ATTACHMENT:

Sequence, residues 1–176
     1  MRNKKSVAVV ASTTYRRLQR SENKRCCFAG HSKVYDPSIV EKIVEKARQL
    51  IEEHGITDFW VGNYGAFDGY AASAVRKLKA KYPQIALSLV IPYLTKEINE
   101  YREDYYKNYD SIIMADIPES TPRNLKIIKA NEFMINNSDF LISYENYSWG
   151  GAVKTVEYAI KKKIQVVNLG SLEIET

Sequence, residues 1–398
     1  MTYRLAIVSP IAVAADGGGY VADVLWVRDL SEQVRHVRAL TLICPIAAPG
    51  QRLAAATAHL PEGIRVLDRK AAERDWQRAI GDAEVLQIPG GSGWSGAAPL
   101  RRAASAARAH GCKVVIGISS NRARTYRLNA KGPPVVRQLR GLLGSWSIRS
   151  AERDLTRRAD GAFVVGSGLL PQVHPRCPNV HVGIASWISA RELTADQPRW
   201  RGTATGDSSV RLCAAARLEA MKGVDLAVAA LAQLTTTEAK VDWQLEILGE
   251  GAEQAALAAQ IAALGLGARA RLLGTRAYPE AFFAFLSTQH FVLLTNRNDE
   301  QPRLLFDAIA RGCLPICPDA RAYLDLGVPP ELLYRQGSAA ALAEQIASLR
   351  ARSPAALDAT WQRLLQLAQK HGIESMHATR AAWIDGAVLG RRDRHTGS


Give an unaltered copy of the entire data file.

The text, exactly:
Sequence, residues 1–176
     1  MRNKKSVAVV ASTTYRRLQR SENKRCCFAG HSKVYDPSIV EKIVEKARQL
    51  IEEHGITDFW VGNYGAFDGY AASAVRKLKA KYPQIALSLV IPYLTKEINE
   101  YREDYYKNYD SIIMADIPES TPRNLKIIKA NEFMINNSDF LISYENYSWG
   151  GAVKTVEYAI KKKIQVVNLG SLEIET

Sequence, residues 1–398
     1  MTYRLAIVSP IAVAADGGGY VADVLWVRDL SEQVRHVRAL TLICPIAAPG
    51  QRLAAATAHL PEGIRVLDRK AAERDWQRAI GDAEVLQIPG GSGWSGAAPL
   101  RRAASAARAH GCKVVIGISS NRARTYRLNA KGPPVVRQLR GLLGSWSIRS
   151  AERDLTRRAD GAFVVGSGLL PQVHPRCPNV HVGIASWISA RELTADQPRW
   201  RGTATGDSSV RLCAAARLEA MKGVDLAVAA LAQLTTTEAK VDWQLEILGE
   251  GAEQAALAAQ IAALGLGARA RLLGTRAYPE AFFAFLSTQH FVLLTNRNDE
   301  QPRLLFDAIA RGCLPICPDA RAYLDLGVPP ELLYRQGSAA ALAEQIASLR
   351  ARSPAALDAT WQRLLQLAQK HGIESMHATR AAWIDGAVLG RRDRHTGS